Saturday, December 23, 2006

my own pursuit of happyness

“This part of my story is called: Fear.”

It is 6:00 AM on a Saturday morning and I am wide-awake. Given that I am not usually wide awake until about 9:30, preferably 11:00, I am not sure what to do with myself, let alone the stirring in the pit of my stomach. I rummage around our hotel room for paper and a pen, fortunate to find two measly sheets by the phone, and slip back into my space in the middle of the king-sized bed next to my sleeping husband, pulling the heavy duvet back up over my chilled legs. He moans softly as I turn on the light by my bedside. I begin to write anyway.

It is the writing that has caused this stirring—this inability to enjoy my Saturday morning without children in a bed large enough to have its own zip code. No—perhaps it is the movie that has caused the stirring, but the stirring is about the writing. Whatever the exact source of this tension, I don’t like it—especially when I could be sleeping. Especially when I could remain comfortable. I don’t like to be stirred. Like the meals in my crockpot after a day left alone on low, too much of one thing is stuck to the bottom and too much of another has risen to the surface. Do I stir it all back into the soup, or do I start skimming off the top and avoiding the bottom?

What makes a man with a high school education, barely getting by in his sales job, think he can be a stock broker just because he could go through a math book in a week as a child? What makes a mother of two in the “heart of America” with a zoo membership and a microvan think she has anything to say that could be of relevance to anyone just because a few people told her she could write? Better yet, what makes one act on it, boldly pursuing his dream, while the other sits on the couch at the end of the day staring at her laptop, paralyzed by fear and the excuse of busyness and the mundanity of her life?

In a scene that I overlooked until this early-morning moment of epiphany, Will Smith’s character boldly pitches himself and his product to a CEO way out of his league in the CEO’s private box at a 49ers game and is shot down for his inexperience. The disappointment is clear in his eyes, in the shrug in his shoulders as he leaves later that day, bone density scanner in hand, and walks several blocks to take the bus back to his hotel room from which he is about to be evicted, rendering him homeless. What I first saw in this scene was the failure, the rejection, the disappointment. Then I saw the determination to keep going. But it wasn’t until this morning that I finally saw the big picture.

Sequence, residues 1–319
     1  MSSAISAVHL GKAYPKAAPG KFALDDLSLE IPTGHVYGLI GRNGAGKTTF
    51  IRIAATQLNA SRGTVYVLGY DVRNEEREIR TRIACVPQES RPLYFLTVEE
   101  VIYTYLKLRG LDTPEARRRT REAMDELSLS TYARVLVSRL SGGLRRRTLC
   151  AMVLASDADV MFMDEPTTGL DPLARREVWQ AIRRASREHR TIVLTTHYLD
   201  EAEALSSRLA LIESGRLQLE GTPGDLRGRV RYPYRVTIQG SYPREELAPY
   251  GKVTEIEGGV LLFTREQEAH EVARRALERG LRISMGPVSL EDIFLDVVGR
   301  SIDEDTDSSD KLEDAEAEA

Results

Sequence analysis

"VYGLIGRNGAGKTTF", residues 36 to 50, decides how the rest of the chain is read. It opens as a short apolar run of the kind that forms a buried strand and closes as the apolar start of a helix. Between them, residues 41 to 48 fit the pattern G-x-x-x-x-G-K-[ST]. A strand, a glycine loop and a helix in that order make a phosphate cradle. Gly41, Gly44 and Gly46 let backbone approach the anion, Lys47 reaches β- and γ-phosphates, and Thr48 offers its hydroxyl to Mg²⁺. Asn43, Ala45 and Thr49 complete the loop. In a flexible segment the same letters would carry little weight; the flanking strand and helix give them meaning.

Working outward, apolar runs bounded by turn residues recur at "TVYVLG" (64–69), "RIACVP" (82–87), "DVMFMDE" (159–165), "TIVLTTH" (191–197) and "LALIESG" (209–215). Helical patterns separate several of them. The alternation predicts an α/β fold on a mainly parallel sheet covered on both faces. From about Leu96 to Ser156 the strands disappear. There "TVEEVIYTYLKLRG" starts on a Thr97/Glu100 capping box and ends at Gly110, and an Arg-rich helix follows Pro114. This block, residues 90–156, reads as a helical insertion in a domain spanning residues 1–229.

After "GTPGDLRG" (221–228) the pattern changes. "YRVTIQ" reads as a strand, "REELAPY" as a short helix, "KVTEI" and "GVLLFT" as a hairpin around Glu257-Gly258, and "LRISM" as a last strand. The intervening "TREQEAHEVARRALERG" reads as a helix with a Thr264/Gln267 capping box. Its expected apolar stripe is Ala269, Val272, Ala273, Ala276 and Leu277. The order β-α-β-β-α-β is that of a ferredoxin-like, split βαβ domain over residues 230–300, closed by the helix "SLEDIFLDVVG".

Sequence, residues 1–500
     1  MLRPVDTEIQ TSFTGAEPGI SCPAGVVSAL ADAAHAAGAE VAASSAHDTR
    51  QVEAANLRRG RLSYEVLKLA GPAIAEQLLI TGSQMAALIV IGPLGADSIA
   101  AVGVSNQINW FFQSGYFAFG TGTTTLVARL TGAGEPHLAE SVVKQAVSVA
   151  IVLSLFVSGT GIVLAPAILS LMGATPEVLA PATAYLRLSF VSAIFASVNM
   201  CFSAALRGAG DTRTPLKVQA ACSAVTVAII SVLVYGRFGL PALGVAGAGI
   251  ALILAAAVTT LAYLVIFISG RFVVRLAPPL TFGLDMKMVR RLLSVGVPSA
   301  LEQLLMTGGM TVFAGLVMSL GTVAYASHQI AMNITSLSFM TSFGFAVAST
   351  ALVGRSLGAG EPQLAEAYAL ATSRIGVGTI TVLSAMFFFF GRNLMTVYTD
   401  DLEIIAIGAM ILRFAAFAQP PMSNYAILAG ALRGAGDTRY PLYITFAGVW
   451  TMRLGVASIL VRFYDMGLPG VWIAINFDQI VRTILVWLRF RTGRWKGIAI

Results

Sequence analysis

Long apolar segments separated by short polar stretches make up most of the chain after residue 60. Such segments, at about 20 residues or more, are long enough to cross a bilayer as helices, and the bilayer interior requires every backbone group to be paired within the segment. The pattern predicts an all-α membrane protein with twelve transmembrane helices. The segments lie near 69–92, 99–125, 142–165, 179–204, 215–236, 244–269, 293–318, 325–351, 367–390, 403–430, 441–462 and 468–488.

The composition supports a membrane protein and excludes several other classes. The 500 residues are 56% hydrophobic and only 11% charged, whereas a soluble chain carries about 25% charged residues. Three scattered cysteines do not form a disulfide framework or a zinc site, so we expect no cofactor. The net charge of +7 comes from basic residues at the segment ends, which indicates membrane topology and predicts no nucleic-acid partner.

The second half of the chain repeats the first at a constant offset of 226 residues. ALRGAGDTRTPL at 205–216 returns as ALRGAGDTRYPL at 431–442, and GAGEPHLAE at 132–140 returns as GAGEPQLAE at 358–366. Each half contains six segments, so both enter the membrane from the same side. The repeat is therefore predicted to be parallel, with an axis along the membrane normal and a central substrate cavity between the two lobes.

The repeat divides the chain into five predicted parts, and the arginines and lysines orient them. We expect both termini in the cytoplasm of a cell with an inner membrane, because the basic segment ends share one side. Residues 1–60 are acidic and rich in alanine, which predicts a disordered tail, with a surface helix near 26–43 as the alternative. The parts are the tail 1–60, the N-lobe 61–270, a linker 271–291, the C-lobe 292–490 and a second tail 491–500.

Will’s character, “Chris,” met that afternoon at the football game several young, up-and-coming businessmen eager to invest in the exploding 80’s market. His pursuit of the big fish had resulted in failure, but in the end it reeled him in a large enough net full of smaller fish to procure him the coveted 1 in 20 position at Dean Whitter, which began his climb to success and wealth. Small fish, big picture. He got it. I haven’t. Yet.

Fear of rejection and a lack of faith in the bigger picture. That is what grips my stomach this morning, robbing me of precious time spent sleeping in. That and the knowledge that I need to either act on it or stop torturing myself with just talking about it. I’m really not too busy to do this—I’m just too chicken. And so it seems, like it or not, God has reached down in his divine wisdom and stirred the pot—all the dreams stuck to the bottom and all the fears skimming the top all mixed back up in one big, delicious scoop. The decision is now mine—do I serve up a dish while it’s ready, or will I inevitably let it settle again?

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